Please note that findings only discuss the portion of our population<br />

experiencing food insecurity, not the population as a whole<br />

15–30 years<br />

of age<br />

31–45 years<br />

of age<br />

Over 45<br />

years of age<br />

12%<br />

Self-identified<br />

as a person<br />

with a disability<br />

17%<br />

59%<br />

24%<br />

9%<br />

Self-identified<br />

as Indigenous<br />

15–30 years<br />

of age<br />

31–45 years<br />

of age<br />

Over 45<br />

years of age<br />

17%<br />

17%<br />

49%<br />

7%<br />

Self-identified as<br />

newcomers<br />

Household <strong>Food</strong> Insecurity · Page 3


HOUSEHOLD FOOD INSECURITY<br />

Household food insecurity is the inadequate or insecure access to<br />

food due to financial constraints (Proof, 2022).<br />

We asked survey respondents if they had been in situations in the<br />

last 12 months where the food they bought didn’t last and there<br />

wasn’t any money to get more. Thirty-nine per cent said this<br />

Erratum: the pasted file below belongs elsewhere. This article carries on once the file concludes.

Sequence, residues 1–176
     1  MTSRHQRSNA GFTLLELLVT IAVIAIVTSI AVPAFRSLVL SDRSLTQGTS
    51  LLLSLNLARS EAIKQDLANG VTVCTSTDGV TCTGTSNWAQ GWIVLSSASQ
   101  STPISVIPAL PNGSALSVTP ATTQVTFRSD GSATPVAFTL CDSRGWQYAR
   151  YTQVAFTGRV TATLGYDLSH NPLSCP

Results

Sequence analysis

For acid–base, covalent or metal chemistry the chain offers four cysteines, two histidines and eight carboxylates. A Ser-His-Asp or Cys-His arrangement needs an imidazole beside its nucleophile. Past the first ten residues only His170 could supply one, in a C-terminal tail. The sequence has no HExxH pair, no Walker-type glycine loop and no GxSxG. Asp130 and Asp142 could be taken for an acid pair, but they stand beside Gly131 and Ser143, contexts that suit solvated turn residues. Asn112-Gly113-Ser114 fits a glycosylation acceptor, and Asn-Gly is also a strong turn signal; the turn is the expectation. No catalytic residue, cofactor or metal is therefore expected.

happened sometimes and 24% said this happened often. This<br />

indicates that 63% of participants experience food insecurity.<br />

Never True<br />

14%<br />

Sometimes<br />

39%<br />

24%<br />

Often True<br />

21%<br />

Rarely<br />

FIGURE 1: HAVE BEEN IN SITUATIONS WHERE THE<br />

FOOD YOU BOUGHT DIDN’T LAST AND THERE<br />

WASN’T ANY MONEY TO BUY MORE<br />

Household <strong>Food</strong> Insecurity · Page 4


ADULTS & CHILDREN<br />

EXPERIENCING FOOD<br />

INSECURITY PREVIOUS 12 MONTHS<br />

Some months but<br />

not every month<br />

9%<br />

28%<br />

Some months but<br />

not every month<br />

Some months but not every month<br />

6%<br />

19%<br />

Only one or<br />

two months<br />

5%<br />

10%<br />

Only one or<br />

two months<br />

Only one or two months<br />

3%<br />

9%<br />

Almost every<br />

month<br />

7%<br />

32%<br />

Almost every<br />

month<br />

Almost every month<br />

2%<br />

18%<br />

Children<br />

Adults<br />

Children<br />

Adults<br />

FIGURE 2: HAD TO CUT THE SIZE OF A MEAL OR SKIP MEALS<br />

FIGURE 3: SKIPPED A WHOLE DAY OF FOOD<br />